HTC has created it's first own brand phone, breaking away from supporting T-Mobile O2. The company has started its re-branding efforts with two new phones; the TyTN and the MTeoR, but, do we need yet another BlackBerry wannabe? We find out.

The flagship of the two models is the tri-band 3G Windows Mobile Pocket PC [TyTN] a PDA that features Windows Mobile 5.0, Wi-Fi connectivity, 3G and Bluetooth alongside a qwerty keyboard and 2.8-inch touchscreen display.

The new model also includes two digital cameras for video calling with one of them being a 2 megapixel camera with macro mode.

Available in black and silver, the TyTN looks like T-Mobile MDA Vario, but features the specs of the operators MDA Pro handset.

And its here that the TyTn shows it's winning hand, by melding the two models together. Now you have the functionality of 3G (HTC tell us it is also HSPDA and Edge ready) with a QWERTY keyboard and Microsoft Windows Mobile 5 functionality. If you're only ever going to be typing long emails or checking the odd spreadsheet then this certainly saves having to drag the laptop with your on your journey.

In practice and the TyTN is not only very easy to use, but also comes with a number of nifty features. Examples include automatic rotation of the screen when you change from portrait to landscape to use the keyboard, and dedicated buttons for virtually everything from using the phones web browser (Internet Explorer) to making a video call or checking your connectivity status.

Slide the unit open and it reveals that QWERTY keyboard. Although not the entire width of the unit (the sliding runners have to go somewhere) the keyboard is easy to use with plenty of shortcuts available via extra function keys. Keys are rounded enough to be separate from each other, but certainly bigger than those found on the Treo or the BlackBerry. In short, as long as you can type with your thumbs you should be fine.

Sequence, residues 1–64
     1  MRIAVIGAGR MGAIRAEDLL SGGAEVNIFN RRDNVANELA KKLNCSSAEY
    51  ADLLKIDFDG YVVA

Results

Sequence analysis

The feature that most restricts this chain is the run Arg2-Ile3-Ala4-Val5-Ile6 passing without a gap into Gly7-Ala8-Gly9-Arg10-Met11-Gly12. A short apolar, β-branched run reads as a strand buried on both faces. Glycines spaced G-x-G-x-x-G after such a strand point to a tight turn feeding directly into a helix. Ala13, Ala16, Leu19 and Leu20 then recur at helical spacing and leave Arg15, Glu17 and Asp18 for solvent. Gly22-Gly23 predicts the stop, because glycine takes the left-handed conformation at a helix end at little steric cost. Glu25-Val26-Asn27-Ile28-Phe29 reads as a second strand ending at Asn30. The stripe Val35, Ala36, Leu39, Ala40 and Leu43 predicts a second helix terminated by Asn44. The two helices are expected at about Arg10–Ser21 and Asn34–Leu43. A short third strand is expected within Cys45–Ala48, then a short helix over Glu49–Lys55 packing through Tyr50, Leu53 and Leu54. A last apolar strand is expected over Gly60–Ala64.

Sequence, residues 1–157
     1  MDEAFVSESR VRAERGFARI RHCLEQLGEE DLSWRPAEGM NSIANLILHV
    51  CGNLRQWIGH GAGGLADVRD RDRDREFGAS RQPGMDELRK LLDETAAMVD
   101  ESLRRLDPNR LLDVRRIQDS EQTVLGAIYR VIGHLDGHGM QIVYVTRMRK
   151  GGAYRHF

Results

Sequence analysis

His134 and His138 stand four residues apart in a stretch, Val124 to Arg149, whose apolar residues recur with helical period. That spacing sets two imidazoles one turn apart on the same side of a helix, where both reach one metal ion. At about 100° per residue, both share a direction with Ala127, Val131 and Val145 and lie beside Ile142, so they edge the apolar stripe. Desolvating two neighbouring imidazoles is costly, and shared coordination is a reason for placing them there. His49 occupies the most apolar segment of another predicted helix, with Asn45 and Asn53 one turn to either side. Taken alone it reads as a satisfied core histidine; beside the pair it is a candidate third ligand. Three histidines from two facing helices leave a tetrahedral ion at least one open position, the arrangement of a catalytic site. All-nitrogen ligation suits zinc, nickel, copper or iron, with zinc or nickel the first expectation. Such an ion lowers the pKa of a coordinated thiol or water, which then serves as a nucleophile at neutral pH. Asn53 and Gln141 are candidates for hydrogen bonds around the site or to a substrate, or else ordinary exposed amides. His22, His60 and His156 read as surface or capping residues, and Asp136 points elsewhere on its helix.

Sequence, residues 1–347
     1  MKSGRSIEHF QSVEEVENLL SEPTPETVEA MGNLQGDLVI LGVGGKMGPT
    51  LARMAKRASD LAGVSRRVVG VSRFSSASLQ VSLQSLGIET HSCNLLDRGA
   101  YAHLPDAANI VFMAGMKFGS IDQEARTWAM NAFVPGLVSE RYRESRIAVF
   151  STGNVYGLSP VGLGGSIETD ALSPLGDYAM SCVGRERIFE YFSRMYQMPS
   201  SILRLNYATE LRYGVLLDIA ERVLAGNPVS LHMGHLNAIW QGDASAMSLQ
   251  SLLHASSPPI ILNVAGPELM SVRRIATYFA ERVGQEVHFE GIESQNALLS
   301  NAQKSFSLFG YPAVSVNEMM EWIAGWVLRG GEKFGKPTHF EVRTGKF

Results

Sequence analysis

Inside and the speed of the unit is fairly zippy (it runs a 400Mhz processor) and certainly better than the company's previous MDA outing.

The TyTN offers 128MB ROM and 64MB RAM and you can expand it further via a Micro SD card. It's a shame a standard SD Card slot wasn't available - for viewing images straight out of a camera for example, but then the TyTN packs so much into such a small unit (112.5mm (L) x 58mm (W) x 21.95mm (T)) that this omission can be forgiven.


Where the TyTN succeeds is in its connectivity options. The inclusion of Wireless, 3G, Edge and even the new HSPDA standard means there is bound to be some connection on offer wherever you are in the world. Combine this with an easy to use keyboard, a large screen and Microsoft Windows Mobile 5 (it’s the OS that now features push email) and we struggle to find faults with the device.

If you are a road warrior and fed up of lugging your laptop with you wherever you go, this might just be the solution.